U.S. District Judge Gonzalo Curiel — a target of Trump’s repeated scorn — also rejected a bid by Trump’s lawyers to get the lawsuit dismissed, a ruling that clears the way for a trial that could be costly for the candidate.
Several media organizations had sought release of Trump’s two videotaped depositions, taken in December and January. Transcripts of the testimony have been released, but Trump’s lawyers fought the effort to make the videos themselves public.
Curiel said there is legitimate public interest in having the videos released, but he sided with Trump’s lawyers, who had said releasing the videos would generate so much publicity it would bias potential jurors.
The judge wrote there was “every reason to believe the release of the deposition videos would contribute to an ‘on-going’ media frenzy that would increase the difficulty of seating an impartial jury.”
Meg Whitman joins chorus of Republicans supporting Hillary Clinton
Meg Whitman, the Hewlett-Packard chief executive who ran unsuccessfully for governor of California in 2010, will back Hillary Clinton’s presidential campaign, joining other prominent Republicans troubled by Donald Trump’s candidacy.
“As a proud Republican, casting my vote for president has usually been a simple matter. This year is different,” Whitman wrote on Facebook. “Donald Trump’s demagoguery has undermined the fabric of our national character.”
Whitman has already donated more than $100,000 to anti-Trump efforts, but her decision to actively solicit donations for Clinton is a major blow to Trump’s fundraising, which has deeply lagged behind Clinton’s. Last month, Clinton raised $90 million for her campaign and that of other Democrats, while Trump said he raised a bit more than one-third of that.
“Trump’s unsteady hand would endanger our prosperity and national security. His authoritarian character could threaten much more,” wrote Whitman, urging fellow Republicans to reject his nomination.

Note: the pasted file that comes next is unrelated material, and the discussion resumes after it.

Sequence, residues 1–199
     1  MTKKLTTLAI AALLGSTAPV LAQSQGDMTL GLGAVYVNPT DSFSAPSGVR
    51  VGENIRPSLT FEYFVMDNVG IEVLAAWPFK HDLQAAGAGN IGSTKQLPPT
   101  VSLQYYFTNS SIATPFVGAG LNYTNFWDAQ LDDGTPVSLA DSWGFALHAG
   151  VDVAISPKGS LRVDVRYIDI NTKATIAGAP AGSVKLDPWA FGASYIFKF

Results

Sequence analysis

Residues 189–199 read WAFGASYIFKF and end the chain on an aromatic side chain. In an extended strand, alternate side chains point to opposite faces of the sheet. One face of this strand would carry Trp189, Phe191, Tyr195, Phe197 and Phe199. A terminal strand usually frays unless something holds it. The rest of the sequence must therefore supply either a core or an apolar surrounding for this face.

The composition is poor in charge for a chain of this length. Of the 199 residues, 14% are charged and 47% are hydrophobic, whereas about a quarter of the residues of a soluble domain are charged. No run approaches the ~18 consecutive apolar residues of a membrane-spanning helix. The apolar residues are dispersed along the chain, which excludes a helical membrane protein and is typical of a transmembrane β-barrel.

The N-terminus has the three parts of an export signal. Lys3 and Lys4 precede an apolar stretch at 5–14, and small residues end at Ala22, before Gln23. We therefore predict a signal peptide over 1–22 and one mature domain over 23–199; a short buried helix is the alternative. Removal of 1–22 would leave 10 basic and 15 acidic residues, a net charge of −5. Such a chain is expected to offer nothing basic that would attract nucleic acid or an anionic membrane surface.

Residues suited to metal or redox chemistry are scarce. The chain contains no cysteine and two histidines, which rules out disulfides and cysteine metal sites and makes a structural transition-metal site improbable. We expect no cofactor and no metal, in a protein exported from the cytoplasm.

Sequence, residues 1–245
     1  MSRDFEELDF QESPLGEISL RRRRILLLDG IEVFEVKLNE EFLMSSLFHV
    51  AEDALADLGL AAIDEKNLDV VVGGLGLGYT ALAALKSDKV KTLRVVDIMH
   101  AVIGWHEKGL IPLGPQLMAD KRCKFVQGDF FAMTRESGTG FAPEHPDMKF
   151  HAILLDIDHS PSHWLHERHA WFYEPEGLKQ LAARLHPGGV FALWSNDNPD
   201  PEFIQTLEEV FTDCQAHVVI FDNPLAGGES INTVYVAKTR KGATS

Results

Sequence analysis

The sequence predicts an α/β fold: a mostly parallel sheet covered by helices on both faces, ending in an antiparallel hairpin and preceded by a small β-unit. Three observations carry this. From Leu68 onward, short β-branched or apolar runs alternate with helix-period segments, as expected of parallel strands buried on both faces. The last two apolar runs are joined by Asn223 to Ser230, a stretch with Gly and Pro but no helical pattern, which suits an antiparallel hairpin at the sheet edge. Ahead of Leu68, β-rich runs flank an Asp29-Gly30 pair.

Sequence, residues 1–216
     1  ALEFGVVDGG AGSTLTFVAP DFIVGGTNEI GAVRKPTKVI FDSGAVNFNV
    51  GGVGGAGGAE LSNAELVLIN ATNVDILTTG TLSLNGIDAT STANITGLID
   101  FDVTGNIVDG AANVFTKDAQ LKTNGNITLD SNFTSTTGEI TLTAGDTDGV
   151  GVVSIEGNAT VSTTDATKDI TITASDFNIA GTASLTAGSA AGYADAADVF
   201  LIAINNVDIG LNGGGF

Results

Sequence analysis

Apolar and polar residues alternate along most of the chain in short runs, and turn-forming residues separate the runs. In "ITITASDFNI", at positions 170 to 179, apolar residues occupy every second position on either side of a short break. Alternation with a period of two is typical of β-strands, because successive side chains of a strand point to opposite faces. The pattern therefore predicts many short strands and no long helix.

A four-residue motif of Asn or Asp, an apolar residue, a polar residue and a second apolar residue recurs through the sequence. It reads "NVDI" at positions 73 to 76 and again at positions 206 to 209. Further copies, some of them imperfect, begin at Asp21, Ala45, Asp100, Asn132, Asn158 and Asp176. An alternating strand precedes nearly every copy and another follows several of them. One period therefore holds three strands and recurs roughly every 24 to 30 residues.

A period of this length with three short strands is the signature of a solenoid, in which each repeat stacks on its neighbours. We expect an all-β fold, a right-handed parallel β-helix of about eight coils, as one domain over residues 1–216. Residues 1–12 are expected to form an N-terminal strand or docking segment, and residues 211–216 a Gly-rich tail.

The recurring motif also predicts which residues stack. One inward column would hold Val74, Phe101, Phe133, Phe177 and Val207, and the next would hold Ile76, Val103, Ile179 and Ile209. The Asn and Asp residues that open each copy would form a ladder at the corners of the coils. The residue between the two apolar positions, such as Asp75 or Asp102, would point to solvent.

In recent days, Trump has drawn scorn from Democrats and Republicans alike for his criticism of an American Muslim family whose son died in combat in Iraq, and several leading Republican operatives have backed off from supporting Trump.
Sally Bradshaw, an influential GOP strategist in Florida who advised former Gov. Jeb Bush during his primary campaign, announced Monday that she would leave the party.
A day later, Maria Comella, a top former advisor to New Jersey Gov. Chris Christie, also called Trump a demagogue and signaled her support for Clinton.
Trump, she said, “has been a demagogue this whole time, preying on people’s anxieties with loose information and salacious rhetoric, drumming up fear and hatred of the ‘other.’ ”
The move by several Republican women to back Clinton underscores the issues the GOP nominee has had with female voters.
Trump’s comments about women, including suggesting that a Fox News reporter was menstruating when she questioned him in a Republican debate, have been the subject of advertising by Clinton and super PACs supporting her campaign.
While speaking to reporters Tuesday, President Obama declared Trump “unfit” to become president and said Republican denunciations of Trump’s actions were hollow if they continued to endorse him.
“There has to come a point at which you say, ‘Enough,’ ” he said. “The alternative is that the entire party effectively endorses and validates the positions that are being articulated.”
Whitman echoed some of the president’s themes in her Facebook post: “Trump’s reckless and uninformed positions on critical issues – from immigration to our economy to foreign policy – have made it abundantly clear that he lacks both the policy depth and sound judgment required as president.”
She added that in a “tumultuous world, America needs the kind of stable and aspirational leadership Secretary Clinton can provide.”
Updated at 9:16 p.m.: The post was updated with additional comments from Whitman.